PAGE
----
Online Dissertations read more
Written

Simone Weil Bibliography

Saundra Lipton read

Although Simone Weil died very young at age 34, her essays and notebooks have been the topic of a significant volume of scholarship from a wide variety of disciplines including Religion, Philosophy, Literature, Nursing, Political Science, History, Psychology, Education, and Business.  However, the last comprehensive bibliography of critical works on Simone Weil compiled by J.P. Little, dates back to 1973 with a supplement in 1979 and a small update in 1995.  The diversity and range of this ongoing scholarship make an updated comprehensive bibliography critically important for those writing on Weil and her work.

Saundra Lipton, University of Calgary, and Debra Jensen, Mount Royal University have been active collaborators (till Debra’s untimely death July 15, 2012) in the compilation of a comprehensive bibliography of scholarly works on Simone Weil.  The goal of this project is to provide a valuable service to scholars and students in many fields by facilitating access to Weilian resources across disciplinary, geographic, and linguistic divides.  Publications worldwide have been surveyed. Over 5500 works have been discovered.  This online version of the bibliography currently lists more than 5000 book, essays, journal articles, and theses.

I dedicate my continuing efforts on this project to the memory of my dear friend and colleague Debra Jensen.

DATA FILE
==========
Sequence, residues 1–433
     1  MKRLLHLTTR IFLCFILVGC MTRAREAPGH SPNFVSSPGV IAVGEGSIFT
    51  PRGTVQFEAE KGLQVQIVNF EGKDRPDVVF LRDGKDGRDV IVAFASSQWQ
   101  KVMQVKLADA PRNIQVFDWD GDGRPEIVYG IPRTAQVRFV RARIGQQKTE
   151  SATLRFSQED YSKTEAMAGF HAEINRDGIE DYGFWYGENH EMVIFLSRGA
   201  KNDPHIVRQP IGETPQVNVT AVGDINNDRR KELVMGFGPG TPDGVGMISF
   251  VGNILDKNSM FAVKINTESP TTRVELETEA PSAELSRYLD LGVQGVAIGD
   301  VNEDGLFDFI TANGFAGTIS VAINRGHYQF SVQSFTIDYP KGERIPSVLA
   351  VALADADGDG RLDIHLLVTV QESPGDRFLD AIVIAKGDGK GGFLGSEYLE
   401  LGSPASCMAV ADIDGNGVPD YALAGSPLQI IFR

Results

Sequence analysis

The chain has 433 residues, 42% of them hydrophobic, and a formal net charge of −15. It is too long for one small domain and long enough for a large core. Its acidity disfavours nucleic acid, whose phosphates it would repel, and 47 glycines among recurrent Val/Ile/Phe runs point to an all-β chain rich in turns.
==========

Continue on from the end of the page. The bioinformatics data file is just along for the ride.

University of Calgary online library of resources

Written

The Developmental Stages of Simone Weil’s Political Philosophy: From Pacifism to a Justification of Force

Ian J.D. Baker read

Maynooth University (Ireland), MA

Written

Effing the Ineffable: The Mysticism of Simone Weil and Ludwig Wittgenstein

K G M Earl read

Both Simone Weil and Ludwig Wittgenstein hold mysticism—i.e., the belief in something utterly transcendent—centrally. The mysticism present in Wittgenstein’s Tractatus Logico- Philosophicus presents a problem: if “the mystical” is “deep” nonsense, and there is something important that cannot be sensibly presented in language, we are left in an undesirable situation. The mystical is taken to be of paramount importance but is ultimately inaccessible to reason. Weil, starting with political and theological considerations, arrives at a similar problem. A mystical position yields the “problem of mysticism”: There is the mystical; it is of crucial importance, and it is inaccessible to our reason. Weil’s mystical praxis of decreation is a solution to the problem. This does not present a way that we can come to the mystical, but a way that we can become aware of its revelation, which bypasses our reason.

Dalhousie University Halifax, Nova Scotia, MA dissertation.